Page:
Samsung hurls SuperAMOLED missile at iPad June 16 2014
Moves into double figures in terms of 2014 tablet launches, with video-optimized Galaxy Tab S devices
The latest additions to Samsung's confusingly broad tablets portfolio comes in two sizes, 10-4-inch and 8.4-inch, and are seen as important devices for the Korean firm, as it tries to increase its 22% share of the tablet space, recorded in the first quarter, and squeeze Apple's 33%. It has high hopes - iPad sales were a low point in the US giant's most recent quarterly results, and its share has slipped from around 40% a year ago.
This is the first time Samsung has deployed SuperAMOLED for larger-screened products rather than smartphones. In other respects, it is matching or bettering iPad specs - the Tab S models are slimmer than the latest iPads, at 6.6mm rather than 7.5mm, and have slightly higher pixel density, at 287ppi for the larger model and 359ppi for the smaller. The iPad Air has 264ppi and the iPad Mini sports 326ppi.
The Tab S also features Samsung's Adaptive Display technology, which changes the screen's saturation and brightness while certain apps are being used, and adjusts white balance on the fly depending on ambient light. The model is heavily geared to video, promising 11 hours of 1080p video playback, an increased color range and HD quality.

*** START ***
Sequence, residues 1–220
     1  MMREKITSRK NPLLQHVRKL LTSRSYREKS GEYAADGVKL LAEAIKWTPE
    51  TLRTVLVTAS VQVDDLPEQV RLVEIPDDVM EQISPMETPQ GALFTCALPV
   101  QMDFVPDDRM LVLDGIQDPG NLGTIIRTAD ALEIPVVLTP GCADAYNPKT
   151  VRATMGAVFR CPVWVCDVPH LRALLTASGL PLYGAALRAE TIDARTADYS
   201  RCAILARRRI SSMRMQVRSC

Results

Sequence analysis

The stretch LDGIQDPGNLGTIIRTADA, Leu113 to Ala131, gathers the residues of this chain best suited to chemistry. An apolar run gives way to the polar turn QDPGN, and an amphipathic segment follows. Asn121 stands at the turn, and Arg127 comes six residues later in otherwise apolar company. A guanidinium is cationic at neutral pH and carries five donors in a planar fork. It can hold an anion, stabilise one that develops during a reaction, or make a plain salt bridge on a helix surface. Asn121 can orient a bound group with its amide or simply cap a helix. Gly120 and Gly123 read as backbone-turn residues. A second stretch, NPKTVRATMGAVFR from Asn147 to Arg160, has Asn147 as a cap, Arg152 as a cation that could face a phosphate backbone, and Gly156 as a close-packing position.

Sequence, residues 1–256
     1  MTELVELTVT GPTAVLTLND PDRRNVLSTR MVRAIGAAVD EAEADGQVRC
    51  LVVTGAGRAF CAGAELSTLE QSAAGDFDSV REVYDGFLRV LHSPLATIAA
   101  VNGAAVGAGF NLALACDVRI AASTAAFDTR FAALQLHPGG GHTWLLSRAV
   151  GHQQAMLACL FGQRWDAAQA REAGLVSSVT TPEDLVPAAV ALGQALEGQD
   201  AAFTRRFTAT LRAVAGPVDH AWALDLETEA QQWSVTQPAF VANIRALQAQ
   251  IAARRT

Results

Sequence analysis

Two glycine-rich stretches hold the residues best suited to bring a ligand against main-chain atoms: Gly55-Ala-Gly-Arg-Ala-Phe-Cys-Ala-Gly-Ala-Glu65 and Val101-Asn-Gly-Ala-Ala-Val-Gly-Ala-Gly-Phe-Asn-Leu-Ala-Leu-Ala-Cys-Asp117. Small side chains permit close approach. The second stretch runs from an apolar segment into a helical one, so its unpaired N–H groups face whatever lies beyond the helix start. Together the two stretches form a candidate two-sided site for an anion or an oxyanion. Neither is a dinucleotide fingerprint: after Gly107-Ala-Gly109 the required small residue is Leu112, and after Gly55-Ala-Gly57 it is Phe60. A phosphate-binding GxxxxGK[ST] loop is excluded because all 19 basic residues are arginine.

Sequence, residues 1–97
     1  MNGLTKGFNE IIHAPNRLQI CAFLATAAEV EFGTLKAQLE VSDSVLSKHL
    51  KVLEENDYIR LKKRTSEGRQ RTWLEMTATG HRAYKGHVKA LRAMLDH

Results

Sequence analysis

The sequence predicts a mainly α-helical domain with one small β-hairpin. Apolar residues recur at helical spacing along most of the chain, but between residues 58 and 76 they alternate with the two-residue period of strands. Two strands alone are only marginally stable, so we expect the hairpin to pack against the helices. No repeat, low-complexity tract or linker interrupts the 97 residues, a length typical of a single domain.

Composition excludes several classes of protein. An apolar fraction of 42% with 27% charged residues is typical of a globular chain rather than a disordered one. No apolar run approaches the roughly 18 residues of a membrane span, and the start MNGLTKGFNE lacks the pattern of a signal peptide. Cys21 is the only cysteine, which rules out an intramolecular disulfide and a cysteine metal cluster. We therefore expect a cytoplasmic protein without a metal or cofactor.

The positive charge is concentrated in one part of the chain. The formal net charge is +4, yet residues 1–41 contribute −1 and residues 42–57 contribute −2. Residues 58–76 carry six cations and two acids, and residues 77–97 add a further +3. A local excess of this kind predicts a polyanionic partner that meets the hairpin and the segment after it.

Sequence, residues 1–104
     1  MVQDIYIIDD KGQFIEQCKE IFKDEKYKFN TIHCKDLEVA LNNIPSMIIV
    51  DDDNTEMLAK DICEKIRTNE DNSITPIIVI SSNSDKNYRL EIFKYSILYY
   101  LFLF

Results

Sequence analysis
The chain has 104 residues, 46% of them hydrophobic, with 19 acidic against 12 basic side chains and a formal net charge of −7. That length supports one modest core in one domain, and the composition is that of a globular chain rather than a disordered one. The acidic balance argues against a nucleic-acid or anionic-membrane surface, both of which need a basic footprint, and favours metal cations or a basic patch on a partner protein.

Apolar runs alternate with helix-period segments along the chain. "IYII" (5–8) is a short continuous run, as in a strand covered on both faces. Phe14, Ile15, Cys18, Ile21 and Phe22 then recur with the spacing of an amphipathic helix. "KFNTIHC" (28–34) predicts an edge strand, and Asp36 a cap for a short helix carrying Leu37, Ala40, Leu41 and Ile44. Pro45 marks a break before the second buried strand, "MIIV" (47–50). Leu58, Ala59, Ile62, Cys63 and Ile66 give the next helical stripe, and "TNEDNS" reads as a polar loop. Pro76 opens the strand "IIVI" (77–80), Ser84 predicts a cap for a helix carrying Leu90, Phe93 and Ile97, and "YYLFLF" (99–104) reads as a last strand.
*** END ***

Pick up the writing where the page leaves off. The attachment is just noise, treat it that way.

The Samsung devices come with 16Gbytes of capacity and WiFi-only. They run Android 4.4 KitKat and the Samsung Exynos 5 Octa CPU with 3Gbytes of RAM. The eight-core processor switches between a 1.9GHz quad-core element, and a lower power 1.3GHz quad-core option, depending on the task, to extend battery life. The products are priced from $500 and $400 respectively.
Device success is about content and storage as well as local specs these days, and Samsung announced a limited-time offer of 50Gbytes of free Box cloud storage plus HD videos from its Netflix partnership.
Samsung has released 11 tablet models so far this year, adopting its habitual scattergun approach and trying to provide a slate for every user profile, rather than relying on just one or two flagship offerings. 2014 has seen the launch of three new Galaxy Tab models (Tab 4), a new Tab 3 Lite, three Tab Pro models, the Galaxy Note Pro, and the Galaxy Tab 4 Nook (in partnership with Barnes & Noble). This does not take account of different storage options and other variations, and in addition, Samsung is still actively selling older devices such as the Note and Tab 3 families.
There will always be debate over whether Samsung confuses the market by having so many variations, as well as increasing its own R&D and marketing burdens - though of course, the opposite criticism is usually levelled at Apple, which despite the Mini and the bifurcated iPhone range, has been slow to design new devices, especially for lower cost markets.X